There are occasions when I find that I am somewhere I've been before. Sometimes, the number of footprints makes it clear that an awful lot of people have been there, but it doesn't make it any more likely that the path leads anywhere.
Prompted by comments to the previous post, I reckon it is time for one of my periodic visits to the subject of hex cells on the wargames table - specifically, what size they should be. Since the mid 1970s, I have had 7" hexes on my table, and only occasionally have I wished they were a different size. They are seven inches (across the flats) because that looks OK and fits my unit sizes nicely. Six inches would be a possible alternative, anything smaller would not be viable, given that I have no wish to allow hex sizes to drive a complete re-engineering of my armies, rules and figures-to-men ratios, nor to initiate an extensive re-basing programme. Since no-one made commercial hexagonal bits in the 1970s (as far as I know), there was no option but to manufacture my own hills, so the odd size did not make things any worse than they would otherwise have been. If someone had made pre-formed hills and rivers for 6" hexes when I started, I would probably have gone for 6".
In recent years I looked at various mats and tile systems. The most basic was a printed tablecloth made by a Spanish concern that was promoted by NapoleoN Miniatures. I can't remember the name of the firm - Microgames? - something like that. I corresponded with them for a little while, and they sent me a couple of samples. They did a range of off-the-shelf cloths, including a decent-looking Peninsular War job with 100mm hexes, but they were more than happy to discuss bespoke products. They were prepared to print anything I wanted on the cloth (it didn't warrant the description "mat"), and make it any size I wanted, which sounds ideal. The cloth, sadly, was very flimsy - you could see light through the weave, it would certainly stretch and wrinkle and move about in action. A friend said that you couldn't even dry dishes with it, which is an interesting criterion. So I dropped that idea - not without difficulty, since the manufacturer seemed very excited by my interest, and looked forward to meeting me at a wargames convention in Dublin (which is obviously just down the road from here) to finalise my order. I have seen impressive examples of heavier, textured mats, which look good (though the hex grids come in a small number of unsuitable sizes), but I worry about storing them without damage, and I have a weird dread of covering my home with bits of shed flock and resin flakes.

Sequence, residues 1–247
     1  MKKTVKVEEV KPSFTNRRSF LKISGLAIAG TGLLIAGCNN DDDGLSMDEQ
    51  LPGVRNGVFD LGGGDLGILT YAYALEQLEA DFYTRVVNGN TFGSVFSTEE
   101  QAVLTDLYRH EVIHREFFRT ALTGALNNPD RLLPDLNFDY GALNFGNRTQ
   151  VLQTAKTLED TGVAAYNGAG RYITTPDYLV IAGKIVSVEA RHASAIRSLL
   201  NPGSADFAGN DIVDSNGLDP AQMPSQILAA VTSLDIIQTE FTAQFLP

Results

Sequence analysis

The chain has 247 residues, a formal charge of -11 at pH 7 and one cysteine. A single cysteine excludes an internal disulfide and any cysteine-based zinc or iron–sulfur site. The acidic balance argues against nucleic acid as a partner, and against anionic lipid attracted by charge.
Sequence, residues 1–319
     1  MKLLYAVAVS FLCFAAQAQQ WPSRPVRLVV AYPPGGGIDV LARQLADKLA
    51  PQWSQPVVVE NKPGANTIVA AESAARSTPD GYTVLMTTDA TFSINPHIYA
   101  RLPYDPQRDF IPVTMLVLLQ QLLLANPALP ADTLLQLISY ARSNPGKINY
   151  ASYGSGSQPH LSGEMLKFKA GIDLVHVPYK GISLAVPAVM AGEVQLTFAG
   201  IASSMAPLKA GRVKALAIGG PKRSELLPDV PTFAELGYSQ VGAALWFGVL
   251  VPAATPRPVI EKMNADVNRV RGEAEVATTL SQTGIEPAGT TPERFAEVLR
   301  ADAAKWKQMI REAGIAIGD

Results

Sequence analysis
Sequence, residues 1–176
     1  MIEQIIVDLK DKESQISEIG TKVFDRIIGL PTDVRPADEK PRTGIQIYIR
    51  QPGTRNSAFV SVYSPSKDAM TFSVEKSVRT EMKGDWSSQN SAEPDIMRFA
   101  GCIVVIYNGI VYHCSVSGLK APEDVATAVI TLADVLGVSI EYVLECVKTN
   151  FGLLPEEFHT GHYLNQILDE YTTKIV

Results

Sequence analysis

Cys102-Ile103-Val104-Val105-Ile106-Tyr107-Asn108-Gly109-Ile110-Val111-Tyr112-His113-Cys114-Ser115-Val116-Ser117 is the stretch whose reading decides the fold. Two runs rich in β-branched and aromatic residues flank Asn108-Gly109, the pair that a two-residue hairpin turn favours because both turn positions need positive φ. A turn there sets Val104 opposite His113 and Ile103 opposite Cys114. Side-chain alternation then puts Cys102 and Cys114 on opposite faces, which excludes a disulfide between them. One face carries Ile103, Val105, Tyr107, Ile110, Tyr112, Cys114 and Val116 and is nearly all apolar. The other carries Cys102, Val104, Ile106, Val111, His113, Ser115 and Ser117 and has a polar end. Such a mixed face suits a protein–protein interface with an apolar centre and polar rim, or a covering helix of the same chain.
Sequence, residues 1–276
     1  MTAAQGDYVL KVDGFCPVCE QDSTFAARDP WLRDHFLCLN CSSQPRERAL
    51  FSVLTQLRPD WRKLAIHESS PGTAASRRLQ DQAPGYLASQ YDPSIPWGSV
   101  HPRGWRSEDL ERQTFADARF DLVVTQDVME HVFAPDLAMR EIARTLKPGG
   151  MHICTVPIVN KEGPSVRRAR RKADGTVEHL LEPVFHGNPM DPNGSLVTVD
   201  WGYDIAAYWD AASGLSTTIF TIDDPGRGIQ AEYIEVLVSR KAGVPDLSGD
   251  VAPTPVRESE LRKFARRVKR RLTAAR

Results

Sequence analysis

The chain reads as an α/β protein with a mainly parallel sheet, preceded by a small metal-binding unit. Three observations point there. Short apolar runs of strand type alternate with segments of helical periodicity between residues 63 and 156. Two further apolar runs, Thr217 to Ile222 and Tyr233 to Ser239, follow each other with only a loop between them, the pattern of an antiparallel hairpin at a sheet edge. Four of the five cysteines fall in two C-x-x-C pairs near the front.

Tile systems are invariably impressive - sometimes spectacularly so. The old Geo-Hex tile system (which I have never actually seen) appears to have used large hexes, but it's long OOP. I have heard mention of TSS making hex tiles, and their website shows some interesting pictures, but it makes no mention of sizes. I emailed them, and they came back very quickly and politely and said they no longer make the hex tiles, since they had trouble with manufacture and accuracy of the finished pieces. They did, however, recommend their excellent square terrain tiles, and they do look very good.